Wednesday, August 20, 2008

Black Pepper and Honey... in my Yogurt?

Tonight I took charge of dinner trying to make a variation on a curry dish from the Veganomicon. But, I made several hasty substitutions and wound up looking for something raita-like to redeem my experimental dish.

I know, it's kinda ironic to reach for a dairy product to rescue a vegan dish, but it's not like that at all. The Veganimicon recipe was one of the few in my cookbook collection that incorporated swiss chard and I'd just gotten some great looking greens and pearly white stalks from the Byrd House Market. The other two main ingredients were basmati rice and garbanzo beans. I didn't have either, instead electing to go with brown rice and black eye'd peas. From floral and light to earthy and heavy. Whups! The seasoning, toasty cumin seeds and sweet garam masala (begrudgingly purchased form Penzey's), couldn't quite brighten the flavors enough. I needed impactful condiments and garnishes.

Being a big fan of raita's cooling effects on spicy indian food, I decided to whip up something yogurt based to dollop on top of my Indian pilaf (biryani?). Rather than the usual cilantro, cumin, mint combo in my yogurt, here's what I did:

Black Pepper and Honey Yogurt Sauce
(mix it all together and let it sit in the fridge for 10 minutes, adjusting the flavor to make sure that the pepper and the honey are at the forefront)

1 cup yogurt
1 tbsp lime or lemon juice
1 tbsp honey
1/2 tsp garlic powder (or one finely minced clove of garlic)
several cranks of fresh ground black pepper
salt to taste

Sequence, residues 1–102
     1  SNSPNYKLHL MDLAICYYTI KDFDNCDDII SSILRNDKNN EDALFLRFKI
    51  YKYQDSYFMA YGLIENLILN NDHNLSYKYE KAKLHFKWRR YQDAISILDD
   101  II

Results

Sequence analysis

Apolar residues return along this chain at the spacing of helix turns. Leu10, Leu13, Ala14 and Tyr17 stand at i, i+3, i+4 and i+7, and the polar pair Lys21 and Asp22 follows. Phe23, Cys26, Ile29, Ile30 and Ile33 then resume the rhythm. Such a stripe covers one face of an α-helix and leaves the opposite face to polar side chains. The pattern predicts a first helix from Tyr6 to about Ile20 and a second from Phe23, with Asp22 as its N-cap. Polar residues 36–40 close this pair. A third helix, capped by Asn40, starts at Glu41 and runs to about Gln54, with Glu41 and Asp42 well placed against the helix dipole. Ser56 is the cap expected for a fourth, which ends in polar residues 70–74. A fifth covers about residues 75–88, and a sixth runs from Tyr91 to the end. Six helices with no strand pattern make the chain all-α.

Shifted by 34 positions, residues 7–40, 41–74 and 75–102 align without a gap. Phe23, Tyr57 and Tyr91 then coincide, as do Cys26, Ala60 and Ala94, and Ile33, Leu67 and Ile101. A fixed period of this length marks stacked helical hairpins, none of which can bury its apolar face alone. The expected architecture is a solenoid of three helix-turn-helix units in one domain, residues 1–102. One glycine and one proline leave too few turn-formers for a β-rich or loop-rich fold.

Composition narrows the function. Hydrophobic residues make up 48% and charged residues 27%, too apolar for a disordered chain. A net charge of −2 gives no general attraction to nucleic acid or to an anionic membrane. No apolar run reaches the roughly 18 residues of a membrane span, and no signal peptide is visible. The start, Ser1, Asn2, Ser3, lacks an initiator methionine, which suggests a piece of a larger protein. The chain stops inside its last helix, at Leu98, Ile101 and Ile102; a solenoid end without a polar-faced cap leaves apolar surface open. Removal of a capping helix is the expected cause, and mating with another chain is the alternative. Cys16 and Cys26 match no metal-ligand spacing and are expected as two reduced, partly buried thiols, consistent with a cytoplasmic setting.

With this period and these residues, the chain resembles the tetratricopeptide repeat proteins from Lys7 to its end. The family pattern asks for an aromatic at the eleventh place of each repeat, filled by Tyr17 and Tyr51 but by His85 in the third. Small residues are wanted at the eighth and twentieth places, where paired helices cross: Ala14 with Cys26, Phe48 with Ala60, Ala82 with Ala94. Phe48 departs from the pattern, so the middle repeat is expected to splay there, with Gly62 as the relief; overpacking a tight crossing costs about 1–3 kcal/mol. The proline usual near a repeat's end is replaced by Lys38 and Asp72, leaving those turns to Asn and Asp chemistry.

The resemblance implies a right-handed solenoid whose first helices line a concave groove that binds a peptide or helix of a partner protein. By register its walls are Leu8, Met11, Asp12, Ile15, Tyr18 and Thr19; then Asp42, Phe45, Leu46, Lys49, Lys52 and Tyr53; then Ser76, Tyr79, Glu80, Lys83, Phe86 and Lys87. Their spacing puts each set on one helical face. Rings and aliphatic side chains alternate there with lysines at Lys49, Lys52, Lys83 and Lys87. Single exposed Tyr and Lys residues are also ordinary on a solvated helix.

Even though I had sufficiently made up for my main dish with a kickin' accoutrement, I wasn't satisfied. Karen needed something on that plate that would really be a treat, without any disclaimers or excuses. So, I thought about the sauce and imagined what would go best with a sweet and spicy yogurt sauce. How about crispy fried sausage? We've probably been over this before, but Karen eats meat and I don't, but oddly enough SHE has an insatiable appetite for vegetarian sausage, particularly Morningstar Farms. Today, all I had was Gimme Lean brand*, but it turned out great (meat eaters, substitute breakfast tube sausage, if you must).

I broke off bite-sized pieces of the soft fake meat and dropped them into a well oiled pan, turning them as they browned. Near the end of the cooking, I sprinkled the soysage with garam masala (truly a divine fragrance, if you haven't already had it) and smoked paprika. These little nuggets were perfect with the yogurt sauce all by themselves. I could have skipped the complicated rice and beans and greens. But, I wouldn't be full and filled with valuable nutrients.

*The Gimme Lean link features a great recipe for Southern Style Sausage Biscuits and Gravy. The first restaurant to offer this version will get my brunch money on a regular basis.


  1. That looks like a recipe even I can make, Jason!! Cool.

  2. Togurt tames bold ingredients really well, so you can really toss all kinds of stuff into some curd and see what happens. For two, I made half that recipe, but I didn't have any for leftovers.

  3. Go to a real Indo-Pak grocery for garam masala.. I find Penzey's Euro-spices/herbs to be fine, but Penzey's seems to gringo-ize all the non-Euro spice blends. I got their zataar and their adobo and they have no (shall we say) cojones.. or umph!!


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